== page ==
With the flurry of news surrounding and leading up to Lt. General Michael Flynn’s resignation as national security advisor, our collective focus has once again returned to the bizarre connections between the Trump transition team (now administration) and the Kremlin. According to reports, Flynn explicitly discussed relaxing Russia sanctions with Russian Ambassador Sergey Kislyak during the weeks leading up to Trump’s inauguration, despite Vice President-elect Mike Pence’s denials. Two weeks ago, I tried to tamp down some of the misplaced outrage over Treasury’s relatively anodyne issuance of a Russia-relate General License—but this time around, I think it’s appropriate to be very, very worried.
While much of the recent news cycle focused on the scandal of Flynn lying about his talks with the Russian ambassador, we should not lose sight of why the substance of those calls was so concerning. There are any number of reasons why relaxing sanctions on Russia in exchange for as yet unknown cooperation against “radical Islamic terrorism,” to use the President’s phrase, is terrible policy, including everything from legitimizing armed conquest of a neighbor’s territory, abandoning our commitments under the Budapest Memorandum, undermining the Baltic states’ belief that we’d come to their aid in the face of Russian aggression, and so on. But even setting these valid concerns aside, it’s also important that we recognize the damage this about-face would do to the United States’ ability to deploy sanctions as a foreign policy tool.
Two fundamental principles underlie all of U.S. sanctions policy, going back decades. First, sanctions are ultimately designed to change the target’s behavior. Second, if that behavior changes, sanctions should be removed. Or in the words of Acting Treasury Secretary Adam Szubin, “when we impose sanctions, we must clearly articulate what behavior needs to change, and be ready to make good on relieving sanctions when we achieve our ends.” This is a position articulated by all previous occupants of Szubin’s position as Undersecretary for Terrorism and Financial Intelligence.
Sanctions, particularly powerful secondary sanctions, work by forcing other states to subvert their own preferred policy options to U.S. demands through U.S. dominance of the global economic order. Needless to say, most countries do not usually like to have their foreign and economic policy dictated to them by another nation. The reason that sanctions can be successful is that in the past the United States clearly articulated its goals, moved in concert with allies and trading partners, and was generally trusted to act in the interest of upholding international rules and norms.
The Trump administration’s efforts to play nice with Vladimir Putin threaten to jettison the prior consensus in favor of Trumpian transactional foreign policy. In this view the economic pressure generated by sanctions, regardless of the reasons behind their imposition, is merely a piece of leverage in the overall bilateral relationship between the U.S. and the target country, in this case Russia. It can be traded away for completely unrelated concessions, or maintained despite behavior change in pursuit of unrelated concessions.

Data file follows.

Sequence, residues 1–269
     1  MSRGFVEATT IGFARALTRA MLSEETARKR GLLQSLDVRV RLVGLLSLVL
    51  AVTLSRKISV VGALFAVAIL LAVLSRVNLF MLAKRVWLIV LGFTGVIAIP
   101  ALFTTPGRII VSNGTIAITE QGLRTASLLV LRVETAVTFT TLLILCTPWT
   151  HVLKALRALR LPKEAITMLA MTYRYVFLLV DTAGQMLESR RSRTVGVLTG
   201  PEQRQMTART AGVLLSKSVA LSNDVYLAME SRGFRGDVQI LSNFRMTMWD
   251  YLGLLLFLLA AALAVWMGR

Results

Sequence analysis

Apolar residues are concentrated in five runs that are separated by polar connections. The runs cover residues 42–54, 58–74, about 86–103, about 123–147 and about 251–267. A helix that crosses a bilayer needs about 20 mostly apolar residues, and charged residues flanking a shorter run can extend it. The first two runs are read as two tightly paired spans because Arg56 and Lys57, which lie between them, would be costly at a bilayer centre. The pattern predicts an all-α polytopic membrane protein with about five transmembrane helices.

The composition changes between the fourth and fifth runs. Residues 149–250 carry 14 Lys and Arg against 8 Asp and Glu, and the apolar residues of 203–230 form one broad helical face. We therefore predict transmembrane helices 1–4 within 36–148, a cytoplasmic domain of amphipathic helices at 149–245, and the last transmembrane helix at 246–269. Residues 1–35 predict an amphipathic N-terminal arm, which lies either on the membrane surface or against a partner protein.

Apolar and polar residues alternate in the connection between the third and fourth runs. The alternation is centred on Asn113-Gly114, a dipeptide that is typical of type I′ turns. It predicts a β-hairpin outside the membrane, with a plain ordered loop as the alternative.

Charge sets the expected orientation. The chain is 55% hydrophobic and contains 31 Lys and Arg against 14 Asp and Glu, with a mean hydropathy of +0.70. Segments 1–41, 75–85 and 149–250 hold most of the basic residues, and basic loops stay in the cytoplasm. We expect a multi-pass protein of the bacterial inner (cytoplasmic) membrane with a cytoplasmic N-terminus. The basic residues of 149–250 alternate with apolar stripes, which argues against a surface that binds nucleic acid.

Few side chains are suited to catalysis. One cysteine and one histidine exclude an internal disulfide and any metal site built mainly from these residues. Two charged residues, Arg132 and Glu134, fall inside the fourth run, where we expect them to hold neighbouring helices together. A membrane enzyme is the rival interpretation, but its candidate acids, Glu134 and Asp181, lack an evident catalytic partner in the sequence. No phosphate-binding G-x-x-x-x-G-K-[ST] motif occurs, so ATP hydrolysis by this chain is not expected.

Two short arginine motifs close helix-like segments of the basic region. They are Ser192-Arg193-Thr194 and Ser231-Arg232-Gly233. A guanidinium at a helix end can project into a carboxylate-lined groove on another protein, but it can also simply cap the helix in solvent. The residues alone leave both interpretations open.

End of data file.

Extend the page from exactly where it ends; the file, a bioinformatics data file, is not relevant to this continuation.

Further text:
This transactional approach may or may not be able to accomplish short-term policy goals, but it is definitely poor long-term sanctions strategy. Abandoning the relationship between changing behavior and sanctions relief incentivizes targets to continue engaging in illicit conduct. In fact, targets might decide that it is easier to cause problems for the U.S. in other areas in order to increase their bargaining power, rather than changing the behavior that prompted sanctions in the first place. If the Trump administration can abandon Ukraine to satisfy the President’s seeming obsession with Islamist-inspired terrorism, how secure should the Baltic states feel knowing that there’s a chance they could be sold out if Russia agrees to cut ties with Iran? Or worse, this could actually incentivize Russia to make trouble in the Baltics and dangling the cessation of this behavior in exchange for greater leeway in Ukraine.
Moreover, third party states will be reticent to continue to allow the United States to throw its economic weight around. There is no reason to support compliance with U.S. sanctions if it is apparent that sanctions can be imposed or traded away in order to obtain a “better deal” on parochial U.S. interests rather than global interests. There is a distinct possibility that U.S. allies and trading partners will engage in balancing efforts, perhaps promoting alternative financial channels that avoid the New York financial hub. At the very least, it is likely that at moments of either tactical or strategic disagreement over U.S. sanctions policy, states will be more inclined to deploy legal countermeasures, preventing companies from complying with sanctions.
It is imperative that the United States maintain adherence to the principles of effective sanctions use in crafting new sanctions or relaxing existing measures. Unless Russia satisfies its commitments under the Minsk agreement, there should be no relief from corresponding sanctions. Unless Russia returns the Crimean peninsula to Ukraine, there should be no relief from Crimea-related sanctions. And unless Russia ceases malicious cyber activity, it should see no relief from cyber-related sanctions. Likewise, if Russia or designated individuals and entities demonstrate verifiable changes in behavior, relief should be swift and comprehensive. Anything less will hurt the United States’ ability to use sanctions to deal with future challenges to its national security and foreign policy.